Canadians must address non-market trade clause

Canadians must address non-market trade clause

Is article 32.10 in the United States-Mexico-Canada Agreement a tempest in a teapot or a slow-building hurricane?

Whatever it is, it could have an effect on Canada’s agricultural trade with China.

Article 32.10 says any country that pursues a trade agreement with a non-market country must provide the text of the deal to the other two countries for review. And if they don’t like what they see, they can use that trade deal to pull out of the USMCA.

Most trade observers agree that the non-market clause is a U.S. initiative and that to some degree it infringes on Canada’s ability to strike a free-trade deal with China.

However, opinions vary on the clause’s burden. An editorial in the Globe and Mail argues that it can only be interpreted as “an agreement by Mexico and Canada not to sign a free-trade deal with China in the near future.”

Some have said it’s a symbolic clause meant to send a signal to China to alter its trade practices, but trade expert Peter Clark says that’s “nonsense.” He says the article is included because “somebody will want to use it.”

Blayne Haggard, associate professor of political science at Brock University, said article 32.10 will make it “incredibly difficult” for Canada or Mexico to negotiate a free-trade deal with China. The Ottawa-based Public Policy Forum calls the clause an “unprecedented ceding of sovereignty.”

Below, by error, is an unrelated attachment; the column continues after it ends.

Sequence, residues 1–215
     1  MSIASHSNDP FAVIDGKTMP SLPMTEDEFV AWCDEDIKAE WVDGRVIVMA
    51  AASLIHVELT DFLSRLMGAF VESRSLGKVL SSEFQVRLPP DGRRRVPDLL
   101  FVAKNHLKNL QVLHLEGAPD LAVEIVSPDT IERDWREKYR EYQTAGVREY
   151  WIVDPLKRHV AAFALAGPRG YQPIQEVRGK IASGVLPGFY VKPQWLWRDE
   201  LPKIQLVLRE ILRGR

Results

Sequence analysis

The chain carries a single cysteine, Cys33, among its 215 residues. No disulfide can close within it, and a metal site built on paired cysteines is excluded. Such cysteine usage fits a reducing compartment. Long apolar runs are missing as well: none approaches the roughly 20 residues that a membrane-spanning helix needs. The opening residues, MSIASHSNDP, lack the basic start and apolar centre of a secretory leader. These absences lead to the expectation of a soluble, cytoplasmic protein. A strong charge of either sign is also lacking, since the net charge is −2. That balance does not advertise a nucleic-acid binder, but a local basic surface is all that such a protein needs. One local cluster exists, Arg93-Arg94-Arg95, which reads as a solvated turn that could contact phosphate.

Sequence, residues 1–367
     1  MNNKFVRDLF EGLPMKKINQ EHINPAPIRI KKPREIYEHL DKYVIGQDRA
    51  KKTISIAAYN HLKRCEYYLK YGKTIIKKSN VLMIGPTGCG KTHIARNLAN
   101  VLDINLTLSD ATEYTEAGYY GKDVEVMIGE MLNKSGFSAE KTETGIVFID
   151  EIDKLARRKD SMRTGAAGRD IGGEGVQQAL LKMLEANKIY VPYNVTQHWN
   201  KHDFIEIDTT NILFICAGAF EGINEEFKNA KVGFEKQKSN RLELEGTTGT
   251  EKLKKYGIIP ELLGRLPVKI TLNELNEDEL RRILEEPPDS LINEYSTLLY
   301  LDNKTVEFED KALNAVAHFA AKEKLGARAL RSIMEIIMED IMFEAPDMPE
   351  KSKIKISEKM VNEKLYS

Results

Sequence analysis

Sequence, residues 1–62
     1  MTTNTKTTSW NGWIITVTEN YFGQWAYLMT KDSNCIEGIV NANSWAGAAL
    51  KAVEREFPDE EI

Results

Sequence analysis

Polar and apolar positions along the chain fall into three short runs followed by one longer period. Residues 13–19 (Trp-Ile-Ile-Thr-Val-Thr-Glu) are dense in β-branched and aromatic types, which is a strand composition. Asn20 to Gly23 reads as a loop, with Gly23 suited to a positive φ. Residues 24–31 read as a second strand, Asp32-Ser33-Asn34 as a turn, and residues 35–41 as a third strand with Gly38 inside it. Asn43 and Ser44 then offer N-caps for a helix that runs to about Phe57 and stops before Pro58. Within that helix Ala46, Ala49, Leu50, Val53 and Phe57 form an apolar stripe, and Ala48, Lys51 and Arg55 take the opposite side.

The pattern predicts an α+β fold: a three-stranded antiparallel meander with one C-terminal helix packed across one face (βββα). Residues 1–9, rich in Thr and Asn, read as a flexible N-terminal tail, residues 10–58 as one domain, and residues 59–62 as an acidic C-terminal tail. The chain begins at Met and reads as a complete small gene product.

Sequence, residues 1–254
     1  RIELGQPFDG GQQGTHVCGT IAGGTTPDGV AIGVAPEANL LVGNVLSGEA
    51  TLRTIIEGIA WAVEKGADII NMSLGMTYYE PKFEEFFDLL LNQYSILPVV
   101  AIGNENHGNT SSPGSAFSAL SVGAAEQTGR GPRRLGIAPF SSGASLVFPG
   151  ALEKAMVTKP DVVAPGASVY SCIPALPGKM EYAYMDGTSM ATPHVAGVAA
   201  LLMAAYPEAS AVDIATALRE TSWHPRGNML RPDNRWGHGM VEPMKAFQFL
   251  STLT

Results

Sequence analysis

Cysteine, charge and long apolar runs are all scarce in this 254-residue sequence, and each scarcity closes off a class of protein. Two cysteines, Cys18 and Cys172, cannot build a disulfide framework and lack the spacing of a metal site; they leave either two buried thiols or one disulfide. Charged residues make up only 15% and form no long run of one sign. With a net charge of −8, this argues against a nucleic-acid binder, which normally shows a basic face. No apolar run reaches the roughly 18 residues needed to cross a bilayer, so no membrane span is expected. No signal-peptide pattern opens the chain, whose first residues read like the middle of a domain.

Yet Brian Lee Crowley, managing director of the Macdonald-Laurier Institute, says commentators are indeed “making a bit of a tempest in a teapot.”

The thinking is that any Canada-China trade deal could take upwards of 10 years to negotiate and by then, President Donald Trump will be out of the picture.

Not so fast. For the last four decades — from Reagan to Trump — the Republican party has moved steadily to the right. The ground has shifted with a manner of permanence, and future Republican presidents will not be inclined to retreat.

You see how this matters to Canada’s agriculture sector when you look at the numbers.

China is Canada’s second-largest trading partner after the U.S. Exports to China are $23.6 billion annually. Agri-trade (including seafood) is valued at $6.3 billion.

Canada is China’s largest supplier of canola oil, seeds and meal ($3.6 billion annually), dried peas ($480 million), flax ($275 million) and durum ($650 million).

Canada is also the second largest supplier of barley ($1.1 billion) and the fifth largest supplier of pork products ($7.6 billion).

“China will be crucial to Canada’s economic future over the next 50 years,” the Canadian Agri-Food Trade Alliance says.

Yet there is plenty of competition for Canada’s treasured supplier status. Half of the G20 countries sell more to China than Canada does. And China has said it would pursue options given these “trade restrictions.”

A Canada-China trade deal remains a faint notion, but China does have 16 free-trade agreements, including deals with Australia, New Zealand and South Korea.

Aside from ensuring that Canada’s agricultural trade remains robust with China through a trade deal, it could also serve to head off testy quarrels such as the 2016 dockage dispute affecting canola — the single biggest commodity Canada exports to China.

It is important that Canadians speak up about article 32.10. The USMCA deal is to be reviewed every six years. A significant chorus of Canadians objecting to this clause will send a strong signal to the Americans during that review period that Canada will not readily support a deal that contains this kind of intrusion into Canada’s national sovereignty.

Karen Briere, Bruce Dyck, Barb Glen, Brian MacLeod and Michael Raine collaborate in the writing of Western Producer editorials.


Stories from our other publications